GULFPORT -- The Rev. Chris Ashley told his congregation Sunday morning at Cowan Road Baptist Church that he might as well just go ahead and address the elephant in the room.
The elephant being the sign in front of the church that says, "Jesus is God. Allah is Satan."
It stirred quite a reaction. He had just finished one television interview, he told the 35 worshippers gathered, and another is scheduled for Monday. Further, a representative from a Muslim group in Atlanta had called, wanting to challenge the pastor to a debate about the sign's message.
If he did not hear back within three days, the caller said, his group might visit the church and issue the challenge in person. The sign, the caller said, is "inflammatory."
Ashley said he returned the call and invited the group to come on down. The debate is scheduled for Dec. 5 at the church.
And then the minister launched into his sermon. He wanted his congregation to know that the Christian God representing the Father, the Son and the Holy Spirit is the only God.
He told the Sun Herald after his service: "Any other God but that one true God is a false God . . . All these other false religions, when you strip it all away, it is ultimately Satan deceiving millions of people with other names -- Allah, Buddha, whatever it may be -- to deceive them so they won't follow the one true God of the Bible.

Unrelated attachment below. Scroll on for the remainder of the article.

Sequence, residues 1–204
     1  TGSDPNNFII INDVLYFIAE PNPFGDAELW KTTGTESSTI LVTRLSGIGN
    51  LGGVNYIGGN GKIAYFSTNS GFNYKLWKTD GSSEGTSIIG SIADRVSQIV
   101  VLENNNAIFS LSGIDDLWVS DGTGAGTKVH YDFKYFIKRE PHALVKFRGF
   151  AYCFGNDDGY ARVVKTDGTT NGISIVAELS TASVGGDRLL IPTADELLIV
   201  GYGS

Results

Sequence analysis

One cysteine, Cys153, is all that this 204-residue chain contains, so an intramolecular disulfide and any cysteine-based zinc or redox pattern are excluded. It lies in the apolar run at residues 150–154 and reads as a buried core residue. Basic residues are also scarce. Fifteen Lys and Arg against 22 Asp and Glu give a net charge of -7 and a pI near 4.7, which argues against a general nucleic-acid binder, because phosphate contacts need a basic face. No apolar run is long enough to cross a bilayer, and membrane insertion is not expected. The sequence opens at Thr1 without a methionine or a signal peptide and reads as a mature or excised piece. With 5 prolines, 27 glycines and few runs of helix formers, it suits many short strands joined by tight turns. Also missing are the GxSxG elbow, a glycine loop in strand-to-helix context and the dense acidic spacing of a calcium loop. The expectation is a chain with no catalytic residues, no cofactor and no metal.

"Any other religion that follows any other deity besides the God of the Bible ultimately follows Satan."
But what about a commenter on the church's Facebook page who called him on the fact that "Allah" means "God" in Arabic? He said he used the word "Allah" because most people associate it with Islam.
Worshippers at an Islamic house of prayer on the Coast were saddened to hear of the minister's message, especially at a time when Americans, including them, are trying to come to terms with the mass killings in Paris and Syrian refugees left with fewer places to turn as a consequence.
Their message is one of acceptance, not only for their religion but others.
Fatima Bouras is originally from Algeria, but has lived with her family in Biloxi since 2002, after immigrating to America two years earlier. Muslims, she said, respect Jesus as a messenger of God.
"We all see God differently," said Artis Jackson of Bay St. Louis, a Muslim who also had a Christian upbringing. "I will pray for him."